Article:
By Danny Kalev, ITworld |  How-to

The Dotted Decimal Notation
An IP address is a 32-bit unsigned integer. It's usually written as
four numbers separated by dots, as in: 212.227.196.186. This format is
knows as the "dotted decimal notation". Applications use struct in_addr
to store the binary representation of an IP address. Struct in_addr is
declared in the header as follows:

struct
{
union
{
struct
{
unsigned char s_b1, s_b2, s_b3, s_b4;
} S_un_b;
struct
{
unsigned short s_w1, s_w2;
} S_un_w;
} S_un;

The struct contains a union that wraps three different views of the
same data variable: as four octets, as two unsigned short integers, or
as a single unsigned long integer.

in_ddr to String Conversion
To obtain a string representation of an in_addr object, use the
inet_ntoa() function that has the following prototype:

#include
#include

This function takes an in_addr object as an argument and returns a
pointer to a static string containing its dotted decimal form. You
should copy the result to a private buffer because each call to
inet_ntoa() will assign a new value to the string.

The deprecated function inet_addr() performs the reverse, namely
converting a dotted decimal string to its binary representation.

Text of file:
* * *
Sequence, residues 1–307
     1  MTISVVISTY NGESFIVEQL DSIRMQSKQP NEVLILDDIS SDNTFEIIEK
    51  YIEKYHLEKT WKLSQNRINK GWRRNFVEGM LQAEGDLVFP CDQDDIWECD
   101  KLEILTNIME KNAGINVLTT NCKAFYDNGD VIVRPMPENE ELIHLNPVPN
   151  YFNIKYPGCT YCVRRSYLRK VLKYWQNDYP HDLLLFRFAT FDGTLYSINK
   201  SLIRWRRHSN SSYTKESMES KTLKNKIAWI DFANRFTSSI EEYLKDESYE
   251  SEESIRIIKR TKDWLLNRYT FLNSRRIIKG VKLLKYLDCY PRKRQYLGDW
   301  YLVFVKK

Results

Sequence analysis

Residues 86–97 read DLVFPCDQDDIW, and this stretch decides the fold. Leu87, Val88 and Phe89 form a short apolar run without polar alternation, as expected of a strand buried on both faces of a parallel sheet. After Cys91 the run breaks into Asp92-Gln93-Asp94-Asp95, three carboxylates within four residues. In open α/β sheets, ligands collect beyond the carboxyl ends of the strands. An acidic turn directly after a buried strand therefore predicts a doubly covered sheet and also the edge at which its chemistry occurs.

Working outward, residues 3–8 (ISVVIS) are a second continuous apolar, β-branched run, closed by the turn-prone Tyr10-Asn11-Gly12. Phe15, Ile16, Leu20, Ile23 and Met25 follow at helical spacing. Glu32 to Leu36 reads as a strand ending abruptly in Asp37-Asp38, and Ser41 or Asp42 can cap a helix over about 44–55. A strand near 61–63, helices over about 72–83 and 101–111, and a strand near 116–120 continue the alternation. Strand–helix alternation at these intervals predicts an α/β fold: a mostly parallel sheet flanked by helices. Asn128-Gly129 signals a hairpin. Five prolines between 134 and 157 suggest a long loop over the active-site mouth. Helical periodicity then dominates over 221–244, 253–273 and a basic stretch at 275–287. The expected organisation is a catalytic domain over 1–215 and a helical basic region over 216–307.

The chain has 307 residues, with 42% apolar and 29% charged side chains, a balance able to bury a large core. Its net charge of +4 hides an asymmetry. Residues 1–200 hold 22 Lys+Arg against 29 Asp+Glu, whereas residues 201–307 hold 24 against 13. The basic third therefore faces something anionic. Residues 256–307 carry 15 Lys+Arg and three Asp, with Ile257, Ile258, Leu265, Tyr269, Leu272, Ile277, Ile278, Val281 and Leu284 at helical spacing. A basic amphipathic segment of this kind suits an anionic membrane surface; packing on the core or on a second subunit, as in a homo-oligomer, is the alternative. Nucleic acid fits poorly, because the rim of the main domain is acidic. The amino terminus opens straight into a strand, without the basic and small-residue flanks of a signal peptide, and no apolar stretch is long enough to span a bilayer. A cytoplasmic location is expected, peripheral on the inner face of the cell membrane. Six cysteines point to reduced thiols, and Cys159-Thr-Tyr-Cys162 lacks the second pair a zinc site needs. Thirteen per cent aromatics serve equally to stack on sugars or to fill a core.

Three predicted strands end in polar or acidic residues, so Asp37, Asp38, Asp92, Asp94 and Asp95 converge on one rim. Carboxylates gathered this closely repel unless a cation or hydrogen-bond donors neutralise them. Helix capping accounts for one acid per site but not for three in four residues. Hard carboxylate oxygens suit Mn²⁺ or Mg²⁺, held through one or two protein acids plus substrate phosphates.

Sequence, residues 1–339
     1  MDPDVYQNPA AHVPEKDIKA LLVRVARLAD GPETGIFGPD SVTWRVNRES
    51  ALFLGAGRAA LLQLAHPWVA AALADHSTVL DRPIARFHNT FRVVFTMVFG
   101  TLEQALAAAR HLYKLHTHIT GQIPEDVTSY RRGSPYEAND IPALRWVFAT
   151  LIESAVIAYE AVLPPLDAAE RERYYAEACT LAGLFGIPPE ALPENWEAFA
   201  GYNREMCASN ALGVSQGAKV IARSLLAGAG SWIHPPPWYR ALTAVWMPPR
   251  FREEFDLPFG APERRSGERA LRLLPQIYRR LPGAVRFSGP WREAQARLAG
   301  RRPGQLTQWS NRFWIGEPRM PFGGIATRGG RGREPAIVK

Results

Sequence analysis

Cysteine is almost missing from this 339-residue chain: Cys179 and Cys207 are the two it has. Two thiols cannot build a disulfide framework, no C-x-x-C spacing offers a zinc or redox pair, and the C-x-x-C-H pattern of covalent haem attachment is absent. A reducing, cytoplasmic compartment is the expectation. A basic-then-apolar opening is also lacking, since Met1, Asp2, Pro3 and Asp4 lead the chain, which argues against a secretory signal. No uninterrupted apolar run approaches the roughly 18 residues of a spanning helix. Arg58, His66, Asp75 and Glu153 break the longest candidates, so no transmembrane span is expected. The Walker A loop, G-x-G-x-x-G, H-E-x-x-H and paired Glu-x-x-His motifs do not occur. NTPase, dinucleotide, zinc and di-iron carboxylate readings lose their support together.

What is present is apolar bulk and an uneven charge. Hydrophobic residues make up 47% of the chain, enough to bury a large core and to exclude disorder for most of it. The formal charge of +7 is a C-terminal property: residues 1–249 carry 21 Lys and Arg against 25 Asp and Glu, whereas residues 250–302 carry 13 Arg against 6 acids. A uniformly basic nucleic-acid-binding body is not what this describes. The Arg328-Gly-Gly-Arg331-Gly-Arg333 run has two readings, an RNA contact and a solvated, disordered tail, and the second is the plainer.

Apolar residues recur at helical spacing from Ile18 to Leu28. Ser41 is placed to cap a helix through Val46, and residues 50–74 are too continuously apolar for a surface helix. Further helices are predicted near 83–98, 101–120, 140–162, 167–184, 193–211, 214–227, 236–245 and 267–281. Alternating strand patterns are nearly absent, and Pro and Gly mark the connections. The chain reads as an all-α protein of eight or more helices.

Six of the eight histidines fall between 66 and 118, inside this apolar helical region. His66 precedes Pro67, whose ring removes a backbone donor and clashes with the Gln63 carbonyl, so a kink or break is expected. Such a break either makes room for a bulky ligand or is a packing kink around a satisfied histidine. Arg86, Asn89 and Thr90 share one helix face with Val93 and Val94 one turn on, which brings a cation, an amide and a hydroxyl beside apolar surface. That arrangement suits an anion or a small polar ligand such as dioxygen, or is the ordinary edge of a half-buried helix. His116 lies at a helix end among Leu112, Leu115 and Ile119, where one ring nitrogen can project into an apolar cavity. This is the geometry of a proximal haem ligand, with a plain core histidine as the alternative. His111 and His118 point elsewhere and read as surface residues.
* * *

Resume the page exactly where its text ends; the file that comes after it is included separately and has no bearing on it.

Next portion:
This function returns the unsigned long representation of the dotted
decimal string cp. There are two problems with this function, though.
First, it returns unsigned long rather than an in_addr object. This
forces programmers to use ugly casts. The second problem is that you
have no way to distinguish between a return value of -1 (indicating an
error) or the address 255.255.255.255 since both these values have an
identical binary representation. You may still find occurrences of
inet_addr() in legacy code. However, in new applications you should use

This function converts the string cp to an in_addr object and writes
the result to paddr. Note that unlike most library functions, inet_aton
() returns 0 to indicate an error, and a nonzero value to indicate
success. Next week I will show how to translate an IP address to a
hostname and vice versa.